To a proud and initiated few, the name “Tom Waits” summons musical memories of sad stories and morbid ballads accompanied by a surreal array of unconventional instruments (such as screeching horns and clanging drums), all masterminded by a gravel-voice, howling madman. To others, it conjures images of an indecipherable singer who sounds like Cookie Monster.



(The following essay was originally presented at the Fourth Annual New Narrative Conference at the University of Toronto on May 6, 2011.  See a list of presenters and abstracts from the conference here and visit Jon Adams online here – TH.)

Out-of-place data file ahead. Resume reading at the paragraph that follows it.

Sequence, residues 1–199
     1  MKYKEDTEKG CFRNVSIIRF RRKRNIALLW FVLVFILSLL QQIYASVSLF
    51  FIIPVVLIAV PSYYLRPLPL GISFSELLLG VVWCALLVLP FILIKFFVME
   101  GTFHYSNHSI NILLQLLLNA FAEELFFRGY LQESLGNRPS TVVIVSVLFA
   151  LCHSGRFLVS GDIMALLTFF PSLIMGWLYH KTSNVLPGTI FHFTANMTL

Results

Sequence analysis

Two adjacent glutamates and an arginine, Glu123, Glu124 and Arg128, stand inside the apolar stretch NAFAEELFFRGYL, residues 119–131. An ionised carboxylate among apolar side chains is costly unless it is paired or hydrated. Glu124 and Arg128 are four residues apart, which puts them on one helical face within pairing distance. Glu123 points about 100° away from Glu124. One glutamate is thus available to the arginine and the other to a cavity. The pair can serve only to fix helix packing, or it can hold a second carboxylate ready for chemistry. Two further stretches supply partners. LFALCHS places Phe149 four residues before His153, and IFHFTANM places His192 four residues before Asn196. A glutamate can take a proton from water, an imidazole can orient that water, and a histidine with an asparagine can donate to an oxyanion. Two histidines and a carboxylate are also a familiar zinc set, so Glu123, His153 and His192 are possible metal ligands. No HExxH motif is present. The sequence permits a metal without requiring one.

The first time we meet a superhero in Jon Adams’ Truth Serum, he’s brushing off a friend who wants to fight crime, or just “get some lunch or something” and who doesn’t even realize he’s being rejected.  The first time we meet a villain, he’s inviting one of his son’s friends over for a sandwich – but then hands him an empty plate;  there’s not enough cheese to make another sandwich.  These two scenes introduce two of the major themes of the strip’s cynically humorous world – the similarities between heroes and villains and the mundane, even boring, nature of their daily lives.  


Jon Adams, Truth Serum (2000).